Issuance of stranger-owned life insurance is coming under renewed fire from the insurance industry, especially the Association for Advanced Life Underwriting.

In a policy statement issued at its annual meeting here, the AALU strongly condemned SOLI.

At the same time, a staff official of the National Association of Insurance and Financial Advisors said its board is likely to support the same resolution at its meeting this week.

The concern of the AALU as voiced by several speakers at the meeting is that the soaring federal budget deficit is going to force action on tax “reform” within several years, regardless whether Democrats or Republicans are in power. When that occurs, elimination or reduction in inside buildup will be on the table, as has already been shown by the recommendation of the president’s Commission on Tax Reform in its report last November.

These comments were made by Roger Sutton, AALU president, in his opening remarks, by Ken Kies, AALU legislative counsel and head of the Federal Policy Group, Washington, and Dan Rigby, chairman of the AALU Best Practices Committee.

“Tax reform is going to happen,” Sutton said. “It is only a question of who will be the winners and the losers.”

Sutton added that SOLI is a “potentially abusive transaction,” and its sale “puts our entire industry in jeopardy.

“The greatest lesson I learned is that we must play offense and defense in the face of the unprecedented threats faced by our industry, and the real vulnerability of the ‘three thin threads,’” Sutton said. “This phrase, coined by former AALU President Lawton M. Nease, is one that I think aptly describes the major focus of our efforts–the ‘three thin threads’ are the fundamental tax preferences afforded to life insurance.”

Rigby added, “The AALU position on stranger-owned life insurance recently approved by the board of directors is based upon one overarching concern: If a significant amount of life insurance ultimately benefits those without traditional insurable interest, but rather with an investment return objective, then we risk the product being taxed under investment principles.”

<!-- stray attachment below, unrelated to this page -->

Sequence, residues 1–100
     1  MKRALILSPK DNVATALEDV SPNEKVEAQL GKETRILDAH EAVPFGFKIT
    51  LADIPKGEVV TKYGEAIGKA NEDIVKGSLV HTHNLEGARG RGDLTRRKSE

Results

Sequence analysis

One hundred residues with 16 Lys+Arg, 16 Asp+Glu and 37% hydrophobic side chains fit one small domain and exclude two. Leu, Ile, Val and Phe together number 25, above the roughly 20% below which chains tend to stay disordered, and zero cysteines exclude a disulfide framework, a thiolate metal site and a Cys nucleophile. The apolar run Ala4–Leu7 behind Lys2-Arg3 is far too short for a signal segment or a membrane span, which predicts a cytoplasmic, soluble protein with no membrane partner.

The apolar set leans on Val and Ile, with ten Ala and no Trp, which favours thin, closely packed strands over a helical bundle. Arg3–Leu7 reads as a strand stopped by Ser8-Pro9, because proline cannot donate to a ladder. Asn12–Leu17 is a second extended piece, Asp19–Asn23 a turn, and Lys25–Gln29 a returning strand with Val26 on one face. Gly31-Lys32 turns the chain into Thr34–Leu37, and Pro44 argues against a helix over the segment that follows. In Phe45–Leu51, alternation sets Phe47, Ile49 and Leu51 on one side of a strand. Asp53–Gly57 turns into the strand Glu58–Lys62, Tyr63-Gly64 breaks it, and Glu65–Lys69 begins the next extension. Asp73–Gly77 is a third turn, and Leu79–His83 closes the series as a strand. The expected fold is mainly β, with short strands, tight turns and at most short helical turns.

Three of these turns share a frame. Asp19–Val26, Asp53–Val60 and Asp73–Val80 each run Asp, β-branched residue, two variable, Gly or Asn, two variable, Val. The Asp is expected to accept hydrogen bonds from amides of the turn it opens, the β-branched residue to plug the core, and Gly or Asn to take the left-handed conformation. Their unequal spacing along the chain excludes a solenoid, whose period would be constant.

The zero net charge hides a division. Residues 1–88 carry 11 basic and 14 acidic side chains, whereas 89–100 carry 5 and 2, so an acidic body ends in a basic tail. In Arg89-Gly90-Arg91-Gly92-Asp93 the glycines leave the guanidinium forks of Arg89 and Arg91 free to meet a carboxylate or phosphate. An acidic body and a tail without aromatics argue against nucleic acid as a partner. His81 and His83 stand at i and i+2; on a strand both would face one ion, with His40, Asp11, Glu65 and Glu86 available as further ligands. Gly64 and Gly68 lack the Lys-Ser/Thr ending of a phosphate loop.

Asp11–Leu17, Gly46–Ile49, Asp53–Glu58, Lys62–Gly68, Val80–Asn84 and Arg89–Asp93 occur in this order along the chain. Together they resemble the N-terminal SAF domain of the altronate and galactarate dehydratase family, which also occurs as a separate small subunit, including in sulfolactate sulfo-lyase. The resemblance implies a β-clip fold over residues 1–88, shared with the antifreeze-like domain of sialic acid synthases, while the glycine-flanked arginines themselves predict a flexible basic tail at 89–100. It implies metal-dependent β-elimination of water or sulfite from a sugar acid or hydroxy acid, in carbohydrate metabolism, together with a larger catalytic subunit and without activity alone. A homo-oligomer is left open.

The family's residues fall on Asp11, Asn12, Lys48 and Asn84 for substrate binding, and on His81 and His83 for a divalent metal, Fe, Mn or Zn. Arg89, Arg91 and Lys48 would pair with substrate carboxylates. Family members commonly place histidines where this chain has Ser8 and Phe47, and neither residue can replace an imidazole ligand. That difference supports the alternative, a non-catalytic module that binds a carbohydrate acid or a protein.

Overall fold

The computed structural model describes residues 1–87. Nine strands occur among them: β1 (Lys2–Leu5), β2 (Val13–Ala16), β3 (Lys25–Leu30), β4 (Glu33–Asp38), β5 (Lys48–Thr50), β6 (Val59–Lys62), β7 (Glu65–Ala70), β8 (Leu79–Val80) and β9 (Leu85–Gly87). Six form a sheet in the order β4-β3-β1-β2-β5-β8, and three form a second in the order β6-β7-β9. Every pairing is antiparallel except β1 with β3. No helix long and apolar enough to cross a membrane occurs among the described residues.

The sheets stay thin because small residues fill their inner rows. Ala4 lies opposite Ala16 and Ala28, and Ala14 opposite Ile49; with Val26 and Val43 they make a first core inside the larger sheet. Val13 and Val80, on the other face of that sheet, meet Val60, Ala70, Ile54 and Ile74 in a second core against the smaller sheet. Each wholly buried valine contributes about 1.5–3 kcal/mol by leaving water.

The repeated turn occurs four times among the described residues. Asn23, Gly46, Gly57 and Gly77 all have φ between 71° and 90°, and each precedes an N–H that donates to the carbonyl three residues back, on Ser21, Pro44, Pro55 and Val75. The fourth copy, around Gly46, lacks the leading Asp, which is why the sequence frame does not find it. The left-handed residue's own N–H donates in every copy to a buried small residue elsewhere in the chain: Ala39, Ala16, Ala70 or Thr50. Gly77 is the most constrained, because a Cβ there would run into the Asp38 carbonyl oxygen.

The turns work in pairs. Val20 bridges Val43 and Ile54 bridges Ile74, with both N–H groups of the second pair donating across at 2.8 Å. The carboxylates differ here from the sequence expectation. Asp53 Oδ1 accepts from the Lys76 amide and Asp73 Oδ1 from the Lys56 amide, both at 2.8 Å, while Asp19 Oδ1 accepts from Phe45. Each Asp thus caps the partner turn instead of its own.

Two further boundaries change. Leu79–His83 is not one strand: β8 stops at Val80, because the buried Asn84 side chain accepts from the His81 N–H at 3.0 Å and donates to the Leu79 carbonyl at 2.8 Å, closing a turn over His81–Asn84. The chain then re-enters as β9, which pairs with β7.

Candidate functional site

He called SOLI sales “a significant threat,” adding that the threat is expanding and growing rapidly.

Rigby also commented on efforts by insurance lobbyists to restrain state efforts to rewrite insurable interest laws to support SOLI and investor-owned life insurance. A provision in tax reconciliation legislation passed by the Senate, and now being dealt with by a reconciliation committee, also contains a provision tightening insurable interest laws–too tightly in the view of the industry.

Agreement was reached May 2 by Republicans on a final bill that does not include the provision, according to AALU officials.

That could be the rub, another industry official, who asked not to be named, said.

“The concern about IOLI does not end with the tax reconciliation deal, however,” the tax lobbyist said. “A number of provisions originally in tax reconciliation have been moved into a second bill, possibly the pension conference bill or a separate bill, which will not be reconciliation-protected in the Senate and for which revenue will be a key consideration.”

IOLI raised $267 million over five years, the lobbyist said, and is supported by the Bush administration and Sen. Charles Grassley, chairman of the Senate Finance Committee. “So, we need to assume that while it appears to be out of tax reconciliation, it may not be gone for good,” the lobbyist said.

In its statement released at the meeting, the AALU said it “believes that IOLI and SOLI arrangements are not consistent with the intended purposes of insurable interest statutes within the various states.

“These practices erode principles designed to ensure that life insurance is used to protect the long-term interest of parties associated with the insured: families, businesses, business associates, and/or charities,” the statement continued.

“Where it is a common practice to take out a life insurance policy with resources provided or guaranteed by those who have no insurable interest in the insured and who expect to control the beneficial ownership of the policy in the future, we believe it puts our product in jeopardy of being taxed under rules more consistent with those applied to investment products,” the statement added.